Apologies if you’re bored with ovipositing dragons by now – but if you are, you can at least look forward to the upcoming insect-free winter months in the UK. Personally, I’m already preparing to go into an enormous sulk.
I was still very sore and sorry for myself this morning, so after H had gone to work (he’s helping to run a week-long summer guitar school in Stratford at the moment), and L had set off back to Cardiff, R sweetly offered to take me down to Croome and to be my gear-carrier while I looked for bugs. I need to be cautious about this because it’s possible that he was just trying to help speed up the process of me getting some acceptable shots, but I think that he actually got quite into watching the behaviour of the various species of dragonfly that we saw as we ambled around the lake, and his spotting skills were certainly very helpful.
I’ve been quite torn over what to post this evening, because I have several photos that I like a lot, but in the end I’ve plumped for this Migrant Hawker ovipositing into a reed, because she was so very handsome. She was quite fresh, but looking at the state of her wings – especially the left forewing – I would say that she’d already had a close encounter with a spider web; luckily though these Hawkers are strong, and she’d managed to fee herself. I originally just looked at her overall colouring and put her down as a Brown Hawker (and there were certainly several of those flying around the lake today), but that turned out to be a lesson in not jumping to conclusions: when I looked more closely at her markings, the combination of the yellow golf-tee mark at the top of her abdomen, her very faint shoulder stripes, and the red-brown wing spots in clear wings, mark her out as a Migrant Hawker. I blipped a Brown here, if you’d like to compare the two.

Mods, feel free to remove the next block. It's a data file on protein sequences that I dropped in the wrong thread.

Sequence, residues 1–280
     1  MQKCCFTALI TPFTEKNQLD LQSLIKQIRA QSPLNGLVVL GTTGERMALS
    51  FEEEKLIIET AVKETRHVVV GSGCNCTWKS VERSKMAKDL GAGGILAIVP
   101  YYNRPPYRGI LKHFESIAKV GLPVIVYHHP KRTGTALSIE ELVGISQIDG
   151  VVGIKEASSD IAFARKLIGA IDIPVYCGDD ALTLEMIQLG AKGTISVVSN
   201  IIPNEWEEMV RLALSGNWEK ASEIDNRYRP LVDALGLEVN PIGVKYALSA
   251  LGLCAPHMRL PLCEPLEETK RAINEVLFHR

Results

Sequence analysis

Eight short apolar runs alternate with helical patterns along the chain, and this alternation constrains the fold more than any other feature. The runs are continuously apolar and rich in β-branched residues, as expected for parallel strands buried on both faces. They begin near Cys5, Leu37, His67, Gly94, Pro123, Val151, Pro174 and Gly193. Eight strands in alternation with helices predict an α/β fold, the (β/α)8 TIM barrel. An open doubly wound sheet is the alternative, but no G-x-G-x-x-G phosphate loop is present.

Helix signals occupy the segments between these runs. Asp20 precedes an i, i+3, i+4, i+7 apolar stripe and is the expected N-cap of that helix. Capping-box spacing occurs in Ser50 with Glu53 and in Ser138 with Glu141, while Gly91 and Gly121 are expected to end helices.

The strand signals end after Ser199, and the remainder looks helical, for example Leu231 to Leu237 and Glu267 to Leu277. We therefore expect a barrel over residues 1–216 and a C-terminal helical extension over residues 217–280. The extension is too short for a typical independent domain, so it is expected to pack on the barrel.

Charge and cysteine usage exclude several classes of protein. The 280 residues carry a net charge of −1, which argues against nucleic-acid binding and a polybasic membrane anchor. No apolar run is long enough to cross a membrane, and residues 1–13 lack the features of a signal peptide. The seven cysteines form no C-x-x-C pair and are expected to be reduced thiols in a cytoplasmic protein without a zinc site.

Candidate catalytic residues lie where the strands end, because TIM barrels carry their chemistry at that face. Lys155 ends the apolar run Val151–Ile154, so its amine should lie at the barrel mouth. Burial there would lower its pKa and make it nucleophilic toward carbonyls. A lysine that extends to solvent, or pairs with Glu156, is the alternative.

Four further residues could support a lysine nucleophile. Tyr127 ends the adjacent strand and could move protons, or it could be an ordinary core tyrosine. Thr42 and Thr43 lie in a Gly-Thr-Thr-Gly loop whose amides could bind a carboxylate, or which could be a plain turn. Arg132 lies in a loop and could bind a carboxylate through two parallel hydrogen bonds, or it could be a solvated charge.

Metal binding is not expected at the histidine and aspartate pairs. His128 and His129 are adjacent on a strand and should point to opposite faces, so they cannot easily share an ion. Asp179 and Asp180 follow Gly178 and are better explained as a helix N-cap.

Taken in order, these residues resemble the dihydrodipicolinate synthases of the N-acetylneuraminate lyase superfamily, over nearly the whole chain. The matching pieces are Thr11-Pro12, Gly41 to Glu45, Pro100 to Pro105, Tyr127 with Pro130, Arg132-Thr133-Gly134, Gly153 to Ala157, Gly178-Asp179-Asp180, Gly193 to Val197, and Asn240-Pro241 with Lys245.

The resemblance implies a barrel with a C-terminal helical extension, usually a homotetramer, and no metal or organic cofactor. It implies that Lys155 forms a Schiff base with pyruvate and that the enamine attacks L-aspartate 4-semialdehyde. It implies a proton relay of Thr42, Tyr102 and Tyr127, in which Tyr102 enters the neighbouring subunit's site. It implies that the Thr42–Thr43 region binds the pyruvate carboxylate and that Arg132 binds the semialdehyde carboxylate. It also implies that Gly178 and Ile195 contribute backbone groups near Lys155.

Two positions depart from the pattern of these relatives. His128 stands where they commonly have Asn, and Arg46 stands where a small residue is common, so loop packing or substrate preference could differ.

My second-favourite shot of the day was of a pair of Ruddy Darters in cop, and I’ve put that one on Facebook. I also ran across quite an interesting short post today about the conservation work currently happening at Croome to help establish a colony of slow worms; the estate is doing a lot to improve its wildlife habitats and encourage an increase in biodiversity, and that only serves to make me love the place more.